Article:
Cooperative Living: Week 7
Ongoing Journey of Living in an Anarchist and Activist Collective
Our cooperative operates on the principle of anarcho-communism. According to wikipediam, anarcho-communism is the theory of anarchism which advocates the abolition of the state, capitalism, wage labor and private property (while retaining respect for personal property) and in favor of common ownership of the means of production, direct democracy and horizontal network of workers’ councils with prodcution adn consumption based on the guiding principle: ‘From each according to his ability to each according to his need.”
An example of anarcho communism at play at the coop is the way that our food system works. Every week a couple people from the house go shopping together and pick up our basic supplies, but also anything else that people in the house request. Someone might need expensive special items every week, while someone else might subsist on the basics. But we each have the ability to ask for what we need, and we all have agreed to help pay the same amount each week so that we can all eat together.
This week has been busy. On Monday I attended a facilitation workshop for activist organizers in the community (see Introverts Can Be Leaders, Too). On Tuesday I checked out the Neighbors of Onondaga Nation meeting, which serves as an ally group for the local Native community. We talked about plans for removal of the colombus statue in the middle of the city. On Wednesday I watered the garden, and got a few beers at the bar down the street with Carp.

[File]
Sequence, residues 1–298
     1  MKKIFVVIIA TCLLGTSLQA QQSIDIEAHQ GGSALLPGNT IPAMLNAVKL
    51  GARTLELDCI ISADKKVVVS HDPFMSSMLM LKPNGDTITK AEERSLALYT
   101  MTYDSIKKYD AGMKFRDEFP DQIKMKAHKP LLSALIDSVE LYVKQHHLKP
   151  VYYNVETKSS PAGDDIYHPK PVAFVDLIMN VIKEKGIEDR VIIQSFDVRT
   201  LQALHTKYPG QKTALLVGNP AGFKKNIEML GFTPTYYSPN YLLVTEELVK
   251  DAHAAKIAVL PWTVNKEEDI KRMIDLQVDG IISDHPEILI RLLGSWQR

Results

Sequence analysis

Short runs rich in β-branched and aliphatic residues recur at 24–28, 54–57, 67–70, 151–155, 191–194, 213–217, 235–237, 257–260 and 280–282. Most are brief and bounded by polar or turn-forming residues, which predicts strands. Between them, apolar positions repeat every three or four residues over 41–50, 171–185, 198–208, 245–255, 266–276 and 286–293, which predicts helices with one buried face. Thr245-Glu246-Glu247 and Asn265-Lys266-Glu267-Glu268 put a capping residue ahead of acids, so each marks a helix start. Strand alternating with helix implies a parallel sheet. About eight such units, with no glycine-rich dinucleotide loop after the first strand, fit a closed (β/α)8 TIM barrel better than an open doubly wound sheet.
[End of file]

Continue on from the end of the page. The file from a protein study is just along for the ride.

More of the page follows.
Thursday I attended the Rapid Response team meeting, which is being created with the goal of being a protective organization for immigrant communities in the area from ICE and border patrol raids. On Friday I brainstormed and researched collective housing models with one of my housemates over a french press of coffee. We are going to share the information with the local migrant farmworkers organization in town- hopefully with some helpful ideas in working towards creating a collective housing space. I also met with the Peace Council newsletter team, and joined their editorial team to help put together their newspaper that comes out every other month. I’m still working on my social media, grant writing, SEO and google analytics classes, and am looking to work some Spanish practice in there at some point in the future.
Saturday morning I woke up early and attended my first NAN (National Action Network) meeting (see A Morning Spent at the Church of Racial Justice).
Sunday we had our collective yard sale in our front yard. We invited neighbors to join in and sell their things too, as long as they donated 10% of their earnings to the collective. We set up a speaker and played some smooth jazz to invite buyers.
The yard sale coincided with a cultural festival taking place on our street that day with live music and food from around the world.
I worked a shift at the festival for the Worker’s Center- informing the community about migrant farmworkers situation in the surrounding area. Some of the farmworkers prepared tamales and elotes (grilled Mexican street corn covered in mayo, fresh lime juice, cheese and hot pepper) and sold them at our booth.
The food was a hit, but it was ironic to see that while most everyone wanted to try the food, not everyone was happy with the idea of signing the petition to give all immigrants the chance to apply for drivers licenses.
Later that day we had our weekly collective potluck outside in the backyard together.
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